Yes, I do recommend using Diatomaceous earth as and organic solution to many of the insect pests found in the garden and around the yard. DE appears to be a powdery substance but on a microscopic level it is a very hard and extremely sharp particle that ire the skeletal remains of tiny sea creatures called diatoms. When sprinkled on the ground, DE will slice through the exoskeleton of insects or slice slugs that crawl through it. Any insect unlucky enough to actually ingest DE will be sliced form the inside as well. Yes, Hewitts does sell diatomaceous earth.
I am a pretty new vegetable gardener. Last year something kept making little bore holes into my peppers. Not into the stem, but the fruit itself. The holes were little, maybe a few millimeters in diameter. I just found the same type of hole in a very timy start of a pepper. I haven’t found any worms/caterpillars/bugs around to explain it. Any suggestions? I have not used any type of insecticide so far, but since I am a little more experienced, I want to try a lttle harder!
Welcome to the world of vegetable gardening. Kudos to you for not getting discouraged by last year’s lousy growing season From your description and the timing (small fruit stage) I’d surmise that you are having a problem with pepper weevils. Pepper weevils are fairly common and easily controlled by dusting or spraying with the insecticide Eight from Bonide. You’ll want to start spraying right away and repeat once a week for three weeks. That should take care of it but if the symptom returns, start spraying again. You can use Eight up until 3 days before harvest. As always read the label and follow the directions you find there. Make sue to remove any fruit displaying the holes from the garden…don’t compost them, throw them in the trash. In the future, you could try covering the peppers with a floating row cover (called ‘Grass Fast’ at Hewitts) early in the season to prevent the weevil adults from getting at the peppers.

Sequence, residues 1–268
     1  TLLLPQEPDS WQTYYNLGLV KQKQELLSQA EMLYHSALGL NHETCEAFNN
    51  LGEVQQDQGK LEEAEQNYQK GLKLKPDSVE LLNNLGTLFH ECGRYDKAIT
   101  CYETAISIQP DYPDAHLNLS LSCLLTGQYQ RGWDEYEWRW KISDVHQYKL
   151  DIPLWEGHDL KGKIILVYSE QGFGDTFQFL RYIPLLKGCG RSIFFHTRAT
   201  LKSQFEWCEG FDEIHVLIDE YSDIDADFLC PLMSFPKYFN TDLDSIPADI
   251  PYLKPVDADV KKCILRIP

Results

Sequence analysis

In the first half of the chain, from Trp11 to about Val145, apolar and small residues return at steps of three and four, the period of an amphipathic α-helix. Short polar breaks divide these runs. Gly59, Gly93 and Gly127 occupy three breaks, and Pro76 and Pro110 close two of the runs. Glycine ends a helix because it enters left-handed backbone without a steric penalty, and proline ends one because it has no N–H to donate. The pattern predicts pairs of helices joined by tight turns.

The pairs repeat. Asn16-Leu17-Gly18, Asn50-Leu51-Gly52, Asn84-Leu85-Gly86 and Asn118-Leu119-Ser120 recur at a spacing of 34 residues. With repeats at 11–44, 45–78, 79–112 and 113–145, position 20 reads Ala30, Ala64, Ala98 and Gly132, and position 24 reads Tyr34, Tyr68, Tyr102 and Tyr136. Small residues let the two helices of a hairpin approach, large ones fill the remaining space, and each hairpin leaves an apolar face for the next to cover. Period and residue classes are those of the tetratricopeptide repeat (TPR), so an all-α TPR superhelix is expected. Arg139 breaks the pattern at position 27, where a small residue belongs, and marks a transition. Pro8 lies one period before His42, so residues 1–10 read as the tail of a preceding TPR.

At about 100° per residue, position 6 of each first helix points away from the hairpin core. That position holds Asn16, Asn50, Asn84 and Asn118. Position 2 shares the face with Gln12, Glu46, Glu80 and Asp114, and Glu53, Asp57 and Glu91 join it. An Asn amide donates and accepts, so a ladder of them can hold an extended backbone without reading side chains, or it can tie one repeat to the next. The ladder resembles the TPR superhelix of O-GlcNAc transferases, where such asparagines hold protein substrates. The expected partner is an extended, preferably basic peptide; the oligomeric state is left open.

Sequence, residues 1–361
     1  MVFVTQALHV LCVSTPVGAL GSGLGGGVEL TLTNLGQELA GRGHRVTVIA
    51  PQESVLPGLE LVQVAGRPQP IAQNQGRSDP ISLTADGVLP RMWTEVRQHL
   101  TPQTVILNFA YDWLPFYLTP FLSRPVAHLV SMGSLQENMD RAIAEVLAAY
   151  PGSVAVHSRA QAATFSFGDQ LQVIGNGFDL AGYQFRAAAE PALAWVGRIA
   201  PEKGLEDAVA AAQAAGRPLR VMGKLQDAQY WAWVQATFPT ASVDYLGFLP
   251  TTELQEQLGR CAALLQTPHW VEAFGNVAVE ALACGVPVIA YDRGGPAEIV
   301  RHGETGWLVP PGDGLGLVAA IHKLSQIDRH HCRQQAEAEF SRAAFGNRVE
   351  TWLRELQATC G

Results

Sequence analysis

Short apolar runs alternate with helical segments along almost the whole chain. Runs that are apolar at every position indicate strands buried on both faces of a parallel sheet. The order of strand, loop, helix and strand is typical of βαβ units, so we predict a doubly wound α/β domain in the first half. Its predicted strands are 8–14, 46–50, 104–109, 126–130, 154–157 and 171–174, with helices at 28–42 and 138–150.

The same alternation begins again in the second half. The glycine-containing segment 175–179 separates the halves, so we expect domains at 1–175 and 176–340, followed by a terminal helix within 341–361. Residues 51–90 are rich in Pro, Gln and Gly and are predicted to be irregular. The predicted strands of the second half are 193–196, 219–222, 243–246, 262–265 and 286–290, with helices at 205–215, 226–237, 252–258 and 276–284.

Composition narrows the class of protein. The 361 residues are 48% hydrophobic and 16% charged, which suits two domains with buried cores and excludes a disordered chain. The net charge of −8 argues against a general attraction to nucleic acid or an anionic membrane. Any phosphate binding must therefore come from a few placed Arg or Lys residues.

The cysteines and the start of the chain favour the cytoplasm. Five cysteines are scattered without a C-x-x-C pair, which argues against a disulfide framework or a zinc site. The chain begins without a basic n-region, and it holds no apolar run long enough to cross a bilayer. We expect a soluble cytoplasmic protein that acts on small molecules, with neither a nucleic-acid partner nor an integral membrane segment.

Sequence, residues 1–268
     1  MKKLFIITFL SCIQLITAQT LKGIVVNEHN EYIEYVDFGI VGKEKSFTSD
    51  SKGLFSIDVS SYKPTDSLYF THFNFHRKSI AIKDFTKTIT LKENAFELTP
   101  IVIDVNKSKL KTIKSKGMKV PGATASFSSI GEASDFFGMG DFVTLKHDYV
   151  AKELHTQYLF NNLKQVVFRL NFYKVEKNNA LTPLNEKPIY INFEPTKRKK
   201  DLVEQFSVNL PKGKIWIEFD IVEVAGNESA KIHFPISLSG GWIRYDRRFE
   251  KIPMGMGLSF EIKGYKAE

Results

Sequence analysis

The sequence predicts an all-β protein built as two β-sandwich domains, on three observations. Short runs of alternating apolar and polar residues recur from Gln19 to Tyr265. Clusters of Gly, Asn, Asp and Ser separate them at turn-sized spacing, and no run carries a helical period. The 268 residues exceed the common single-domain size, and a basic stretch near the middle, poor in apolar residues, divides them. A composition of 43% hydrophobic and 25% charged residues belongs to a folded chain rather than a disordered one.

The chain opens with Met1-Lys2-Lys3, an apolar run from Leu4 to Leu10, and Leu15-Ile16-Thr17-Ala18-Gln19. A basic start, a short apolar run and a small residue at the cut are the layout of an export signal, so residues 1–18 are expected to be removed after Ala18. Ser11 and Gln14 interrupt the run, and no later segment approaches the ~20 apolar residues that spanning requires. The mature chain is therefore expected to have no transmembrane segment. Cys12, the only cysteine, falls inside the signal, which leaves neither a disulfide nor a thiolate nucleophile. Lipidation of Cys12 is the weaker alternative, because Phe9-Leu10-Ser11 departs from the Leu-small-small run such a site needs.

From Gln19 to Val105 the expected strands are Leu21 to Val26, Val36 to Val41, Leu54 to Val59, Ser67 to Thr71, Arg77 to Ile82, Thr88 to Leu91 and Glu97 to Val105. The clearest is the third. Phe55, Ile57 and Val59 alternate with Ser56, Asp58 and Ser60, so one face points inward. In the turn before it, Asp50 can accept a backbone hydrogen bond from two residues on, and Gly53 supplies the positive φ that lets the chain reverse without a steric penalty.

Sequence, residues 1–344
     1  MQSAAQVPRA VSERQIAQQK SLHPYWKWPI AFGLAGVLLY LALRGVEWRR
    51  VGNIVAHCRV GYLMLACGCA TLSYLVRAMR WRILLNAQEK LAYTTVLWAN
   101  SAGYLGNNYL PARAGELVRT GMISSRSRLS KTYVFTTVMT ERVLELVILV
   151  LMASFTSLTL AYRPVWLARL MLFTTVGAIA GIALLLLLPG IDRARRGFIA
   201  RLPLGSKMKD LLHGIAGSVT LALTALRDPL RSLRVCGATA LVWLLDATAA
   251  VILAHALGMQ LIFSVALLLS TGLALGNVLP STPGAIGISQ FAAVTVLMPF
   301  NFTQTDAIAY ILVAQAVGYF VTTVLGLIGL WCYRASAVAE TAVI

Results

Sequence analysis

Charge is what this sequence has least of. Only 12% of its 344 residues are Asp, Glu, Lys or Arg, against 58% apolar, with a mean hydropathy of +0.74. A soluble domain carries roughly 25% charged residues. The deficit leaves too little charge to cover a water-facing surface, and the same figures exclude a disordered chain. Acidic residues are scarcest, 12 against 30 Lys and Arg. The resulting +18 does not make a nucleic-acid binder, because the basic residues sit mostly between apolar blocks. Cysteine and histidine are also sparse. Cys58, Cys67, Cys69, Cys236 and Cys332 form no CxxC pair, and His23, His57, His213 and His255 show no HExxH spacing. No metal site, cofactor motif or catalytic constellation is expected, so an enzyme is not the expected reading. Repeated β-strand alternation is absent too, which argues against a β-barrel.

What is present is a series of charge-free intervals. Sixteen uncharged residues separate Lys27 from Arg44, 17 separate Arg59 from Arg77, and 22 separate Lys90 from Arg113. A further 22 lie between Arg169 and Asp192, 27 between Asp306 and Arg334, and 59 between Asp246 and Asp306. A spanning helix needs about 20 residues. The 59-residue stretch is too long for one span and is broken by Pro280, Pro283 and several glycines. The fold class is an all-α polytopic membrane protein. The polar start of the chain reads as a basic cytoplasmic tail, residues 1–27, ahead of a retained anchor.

2 questions Why are our squash plants only getting false blossom flowers and no squash buds? How long does it take for potatoes to be ready to dig or how can we tell when to dig them up? Thank you
The problem with squash, cukes and other curcurbit producing flowers but no fruit can usually be traced to water washing the pollen out of the flowers before bees and other pollinators can pollinate the flower. If the pollen is washed out of the flower before pollination, the plant aborts the useless flower and puts its energy into producing another fresh flower. Rain can be the culprit but usually it is the gardener him/herself that is causing the problem by spray watering their garden. Remove all LAWN sprinklers from the garden and get a watering wand so you can soak the soil at the base of the plant without getting the flowers and leaves wet. You can also get those black soaker hoses that lets the water ooze out without wetting the plants. Spray watering not only washes off the pollen but wetting the leaves with cold water shocks (weakens)the plant and creates the perfect environment for fungal disease to take hold. There is no good reason to spray water your vegetable garden or flower beds unless you enjoy mushy flowers and vegetable plants that struggle to produce fruit. You can wait until frost kills the plant to harvest your potato crop. If you want ‘new potatoes’ you can harvest them from mid to late summer. I leave mine until frost so they can get as large as possible. You wouldn’t think that home grown potatoes would taste so much better than store bought but they really are…that’s why we grow them every year.